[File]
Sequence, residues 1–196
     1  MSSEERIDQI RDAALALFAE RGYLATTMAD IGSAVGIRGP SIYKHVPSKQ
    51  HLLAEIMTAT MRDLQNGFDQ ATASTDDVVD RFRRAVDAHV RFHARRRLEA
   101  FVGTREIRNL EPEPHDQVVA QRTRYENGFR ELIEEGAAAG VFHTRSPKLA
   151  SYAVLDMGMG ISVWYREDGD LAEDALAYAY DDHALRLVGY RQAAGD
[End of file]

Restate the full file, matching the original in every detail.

Sequence, residues 1–196
     1  MSSEERIDQI RDAALALFAE RGYLATTMAD IGSAVGIRGP SIYKHVPSKQ
    51  HLLAEIMTAT MRDLQNGFDQ ATASTDDVVD RFRRAVDAHV RFHARRRLEA
   101  FVGTREIRNL EPEPHDQVVA QRTRYENGFR ELIEEGAAAG VFHTRSPKLA
   151  SYAVLDMGMG ISVWYREDGD LAEDALAYAY DDHALRLVGY RQAAGD